THE ANNOTATED CITY AT WAR PART 11: TEENAGE MUTANT NINJA TURTLES #60
“City At War”, the 13-part story arc that concluded Mirage Volume 1, is a significant chapter in the Ninja Turtles’ history. It has driven TMNT storylines through Volume 2 and Volume 4 of the Mirage Studios comics, the current series from IDW Publishing, the 2003 animated series, and 2012 animated series. As the TMNT Fansite has previously discussed, “City At War” marks the maturation of the Turtles from teenagers into (for lack of a better term) men. Because of this story’s sheer significance and scope, one article is not enough to do it justice. It’s time to dig in, page-by-page and panel-by-panel into “City At War”.
With the final battle ready to begin, it’s time for Part 11 of the Turtles’ most epic story.
Since issue #58, A.C. Farley’s covers have acted as more than just pretty picture to entice readers to pick up the book, but rather as their own piece of storytelling. What began as a close-up image of a Turtle’s face has now zoomed out to a battle-ready image against imposing foes. No commentary from Farley himself this time, other than noting this is the third in the sequence.
The issue opens with a bang – continuing from where TMNT #59 left off. Inside the burnt husk that was the Second Time Around shop, the Shredder Elite drop in on the Turtles and Karai. It’s an impressive, full-page splash from Jim Lawson which, like A.C. Farley’s cover, sets the tone for the issue. And that tone involves a lot of great action and visuals.
The battle lines are drawn. On one side, the Shredder Elite. On the other, the Turtles. As they stare each other down, Karai, dressed as Shredder, surprises the Turtles by stepping past them to face the Shredder Elite alone.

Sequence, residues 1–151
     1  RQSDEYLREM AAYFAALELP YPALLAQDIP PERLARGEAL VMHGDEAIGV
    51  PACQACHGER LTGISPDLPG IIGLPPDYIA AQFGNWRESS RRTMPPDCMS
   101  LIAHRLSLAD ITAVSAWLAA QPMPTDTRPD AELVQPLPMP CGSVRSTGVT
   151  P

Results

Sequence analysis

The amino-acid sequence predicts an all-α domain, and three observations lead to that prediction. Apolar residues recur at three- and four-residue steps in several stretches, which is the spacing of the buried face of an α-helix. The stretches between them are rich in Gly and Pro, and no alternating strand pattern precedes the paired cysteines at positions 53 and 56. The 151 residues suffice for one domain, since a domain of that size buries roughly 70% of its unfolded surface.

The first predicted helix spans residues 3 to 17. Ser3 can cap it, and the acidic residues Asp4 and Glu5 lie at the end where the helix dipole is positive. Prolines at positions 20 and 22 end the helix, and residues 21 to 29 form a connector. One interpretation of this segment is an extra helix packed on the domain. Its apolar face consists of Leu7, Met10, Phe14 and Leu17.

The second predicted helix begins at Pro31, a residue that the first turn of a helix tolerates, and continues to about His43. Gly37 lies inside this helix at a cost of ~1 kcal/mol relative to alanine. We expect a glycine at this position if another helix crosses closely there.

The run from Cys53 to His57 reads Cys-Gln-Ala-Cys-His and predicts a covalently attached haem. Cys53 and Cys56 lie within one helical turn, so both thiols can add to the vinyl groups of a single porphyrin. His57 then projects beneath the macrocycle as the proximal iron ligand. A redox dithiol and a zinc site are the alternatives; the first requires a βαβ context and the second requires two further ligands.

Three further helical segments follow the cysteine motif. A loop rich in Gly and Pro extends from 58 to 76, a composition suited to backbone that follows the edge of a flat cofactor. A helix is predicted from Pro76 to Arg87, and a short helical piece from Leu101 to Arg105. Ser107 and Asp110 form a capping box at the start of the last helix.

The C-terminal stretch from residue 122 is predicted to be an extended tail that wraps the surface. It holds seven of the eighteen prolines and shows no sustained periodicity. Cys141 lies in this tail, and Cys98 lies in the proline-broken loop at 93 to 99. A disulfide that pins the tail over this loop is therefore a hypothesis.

Lawson’s composition of this page is very cinematic, which is only matched by Laird’s dialogue. Staring them down, Karai (posing as Shredder) tells them they have brought dishonor to the Foot, and they should commit seppuku. One member stares right back as they oblige. That’s right, Karai just Jedi-mind-tricked a Shredder Elite into seppuku.
To be honest, this is one of the sillier moments of this entire story arc, if for no other reason than Karai has a very different body type from the Shredder.
Apparently, the other members of the Shredder Elite feel the same way, commenting that their fallen colleague (named Tomei, for those keeping score) was a weak minded fool. Claiming she is not the real Shredder (even though the one that appeared in TMNT #10 and “Return to New York” was a clone…) they demand that she show her true face.
She obliges, hurling the Shredder helmet at them. Seeing the Shredder Elite are stunned by this move, the Turtles take this moment to spring into action. The splash page that ends this sequence is fantastic. From an art standpoint, Lawson continues to deliver great work, although is knack for emphasizing character’s crotches (and those unfortunately placed Turtle tails) is on display here.
With the battle about to begin, the creative team turns the reader’s attention to Casey, who has arrived back in New York with baby in tow. To the surprise of everyone, he turns to an unexpected and never-seen-before ally – his mom. Even more surprising is that she doesn’t call him Casey, but Arnold. Turns out that “Arnold” is his real name, but he goes by “Casey,” kind of like how Henry Jones Jr. prefers “Indiana Jones.” While there is no evidence that the family named the dog “Casey,” readers should note that Arnold Jones in the IDW series is both Casey’s father and the villainous leader of the Purple Dragons, Hun.